Which after this game, certainly seems like a fair statement, as after a nervous start, Yesli really grew into the game, showing why the 22-year-old shot-stopper was so highly-rated coming out of Quebec at the start of the year.
Sitting at six feet and seven inches tall, he showed strong movement for someone of that height, getting down to several low shots, including some from close range. On top of that, he was relatively calm on the ball in most situations, helping Valour play out of the back, something that is a key pillar of their game.
As a result, it left him to finish this game with six saves, many of them solid stops, showing what he can bring between the sticks. He’ll feel like he could’ve done better on the first goal, of course, but other than that, he left the game with a lot to be happy about, especially in his first professional appearance.
So although he’ll be in tough for more minutes with Sirois, the 2021 CPL Golden Glove winner, sitting in front of him, look for him to continue to push his Quebecois counterpart in training.
And should he be called upon again, he’ll look to build off of what he showed in flashes in this game, bringing that into that next appearance, helping deliver on the potential that many have said that he holds in bunches, for good reason.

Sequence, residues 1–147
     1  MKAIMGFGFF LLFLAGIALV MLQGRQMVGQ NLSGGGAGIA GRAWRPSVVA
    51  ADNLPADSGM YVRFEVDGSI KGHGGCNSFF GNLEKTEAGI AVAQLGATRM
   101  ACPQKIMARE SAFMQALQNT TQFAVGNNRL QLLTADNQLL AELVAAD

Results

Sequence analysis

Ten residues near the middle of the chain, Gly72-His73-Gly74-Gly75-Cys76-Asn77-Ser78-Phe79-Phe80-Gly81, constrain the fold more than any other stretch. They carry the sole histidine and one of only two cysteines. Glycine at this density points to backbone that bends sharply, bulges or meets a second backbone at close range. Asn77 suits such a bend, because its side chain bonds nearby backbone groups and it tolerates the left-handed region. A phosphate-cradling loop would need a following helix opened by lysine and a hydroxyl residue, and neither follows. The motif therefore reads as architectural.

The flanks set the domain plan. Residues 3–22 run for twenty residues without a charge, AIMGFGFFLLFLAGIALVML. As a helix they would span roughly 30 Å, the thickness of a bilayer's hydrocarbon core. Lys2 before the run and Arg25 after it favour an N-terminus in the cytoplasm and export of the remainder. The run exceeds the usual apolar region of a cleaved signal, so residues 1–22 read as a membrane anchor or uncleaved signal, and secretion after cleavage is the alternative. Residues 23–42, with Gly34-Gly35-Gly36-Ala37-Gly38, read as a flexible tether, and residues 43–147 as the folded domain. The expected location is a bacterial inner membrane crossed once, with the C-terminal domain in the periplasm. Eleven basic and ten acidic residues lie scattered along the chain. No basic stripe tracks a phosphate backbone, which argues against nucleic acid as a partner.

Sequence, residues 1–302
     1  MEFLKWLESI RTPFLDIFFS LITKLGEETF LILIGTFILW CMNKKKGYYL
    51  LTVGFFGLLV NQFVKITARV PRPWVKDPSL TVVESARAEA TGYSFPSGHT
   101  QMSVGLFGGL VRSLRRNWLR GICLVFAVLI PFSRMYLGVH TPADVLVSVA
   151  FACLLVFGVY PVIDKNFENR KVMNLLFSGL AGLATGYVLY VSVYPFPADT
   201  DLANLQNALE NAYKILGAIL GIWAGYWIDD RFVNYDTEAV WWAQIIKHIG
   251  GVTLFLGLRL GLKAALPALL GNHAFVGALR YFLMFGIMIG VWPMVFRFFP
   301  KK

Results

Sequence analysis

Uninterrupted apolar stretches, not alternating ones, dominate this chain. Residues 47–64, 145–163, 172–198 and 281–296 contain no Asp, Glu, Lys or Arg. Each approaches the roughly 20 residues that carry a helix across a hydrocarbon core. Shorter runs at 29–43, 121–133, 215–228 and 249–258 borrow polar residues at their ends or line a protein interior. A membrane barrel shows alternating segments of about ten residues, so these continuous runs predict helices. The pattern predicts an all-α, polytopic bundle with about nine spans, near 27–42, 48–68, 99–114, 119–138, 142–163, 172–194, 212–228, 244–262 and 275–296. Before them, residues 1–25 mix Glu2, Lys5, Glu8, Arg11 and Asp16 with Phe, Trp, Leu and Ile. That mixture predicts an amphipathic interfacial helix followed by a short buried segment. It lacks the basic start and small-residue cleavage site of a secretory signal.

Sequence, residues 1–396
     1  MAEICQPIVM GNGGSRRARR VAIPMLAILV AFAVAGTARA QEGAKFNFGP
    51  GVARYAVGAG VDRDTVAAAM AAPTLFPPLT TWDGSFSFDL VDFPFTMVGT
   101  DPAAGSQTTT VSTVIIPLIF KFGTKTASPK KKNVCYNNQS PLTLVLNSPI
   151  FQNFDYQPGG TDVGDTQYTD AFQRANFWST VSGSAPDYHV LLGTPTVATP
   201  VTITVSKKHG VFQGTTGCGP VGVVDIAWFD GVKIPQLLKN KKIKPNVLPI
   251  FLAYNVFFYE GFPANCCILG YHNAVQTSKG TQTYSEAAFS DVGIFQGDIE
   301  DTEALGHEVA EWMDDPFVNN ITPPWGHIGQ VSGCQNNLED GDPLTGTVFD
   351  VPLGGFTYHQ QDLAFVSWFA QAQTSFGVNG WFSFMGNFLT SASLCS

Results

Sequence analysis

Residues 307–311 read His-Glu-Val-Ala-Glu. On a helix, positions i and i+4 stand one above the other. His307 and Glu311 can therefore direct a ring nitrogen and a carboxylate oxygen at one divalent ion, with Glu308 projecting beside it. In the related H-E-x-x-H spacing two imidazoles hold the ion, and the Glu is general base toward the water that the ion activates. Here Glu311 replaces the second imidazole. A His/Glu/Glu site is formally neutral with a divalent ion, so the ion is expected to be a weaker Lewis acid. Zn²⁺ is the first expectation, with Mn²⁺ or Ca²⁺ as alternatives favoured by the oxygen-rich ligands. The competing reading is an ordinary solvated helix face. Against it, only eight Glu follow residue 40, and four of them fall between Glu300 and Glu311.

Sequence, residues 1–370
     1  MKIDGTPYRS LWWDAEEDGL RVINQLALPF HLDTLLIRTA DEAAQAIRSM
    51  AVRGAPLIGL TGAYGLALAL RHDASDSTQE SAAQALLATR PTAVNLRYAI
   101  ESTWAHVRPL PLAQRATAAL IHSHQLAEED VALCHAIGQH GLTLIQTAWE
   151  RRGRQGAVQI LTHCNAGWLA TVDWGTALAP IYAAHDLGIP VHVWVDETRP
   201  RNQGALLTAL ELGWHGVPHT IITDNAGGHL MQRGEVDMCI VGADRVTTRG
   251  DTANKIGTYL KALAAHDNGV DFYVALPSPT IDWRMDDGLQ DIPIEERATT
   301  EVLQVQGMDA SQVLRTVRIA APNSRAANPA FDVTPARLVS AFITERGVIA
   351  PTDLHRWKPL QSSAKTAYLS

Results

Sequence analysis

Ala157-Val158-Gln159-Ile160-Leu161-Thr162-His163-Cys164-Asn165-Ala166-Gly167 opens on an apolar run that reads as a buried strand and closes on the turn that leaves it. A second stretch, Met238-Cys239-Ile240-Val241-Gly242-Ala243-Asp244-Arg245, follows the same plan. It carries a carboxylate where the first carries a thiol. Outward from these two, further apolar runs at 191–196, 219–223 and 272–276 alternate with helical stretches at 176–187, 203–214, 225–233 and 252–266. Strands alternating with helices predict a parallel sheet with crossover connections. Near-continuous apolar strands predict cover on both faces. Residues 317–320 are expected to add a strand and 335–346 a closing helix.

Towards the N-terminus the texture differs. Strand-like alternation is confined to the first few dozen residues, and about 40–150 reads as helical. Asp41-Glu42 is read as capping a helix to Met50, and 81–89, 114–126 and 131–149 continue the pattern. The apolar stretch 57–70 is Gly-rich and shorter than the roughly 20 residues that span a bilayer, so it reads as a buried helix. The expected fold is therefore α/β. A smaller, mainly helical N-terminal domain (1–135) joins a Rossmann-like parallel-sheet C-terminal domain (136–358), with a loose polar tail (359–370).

“It was good for him to come here and have a game of very high level of difficulty,” Dos Santos said. “And to show that he’s someone that was drafted by the club (for a reason).”
CanPL.ca Player of the Match
Ryan Raposo, Vancouver Whitecaps FC
Ryan Raposo might’ve only seen the pitch for 61 minutes in this game, but he made the most of that time, scoring one goal, and creating the other, while adding five shots and two key passes to go along with that. As a result, it felt like most of the Whitecaps attack came through him when he was on the pitch, showing his growing influence on this Vancouver side, who has increasingly started to rely on the young Canadian in recent weeks.
Having won this game, the Vancouver Whitecaps will travel to Calgary for the quarter-finals of the Canadian Championship, where they’ll take on Cavalry FC at ATCO Field sometime between May 24th and 26th, with a spot in the semi-finals against either Pacific FC or York United sitting on the line for the winner.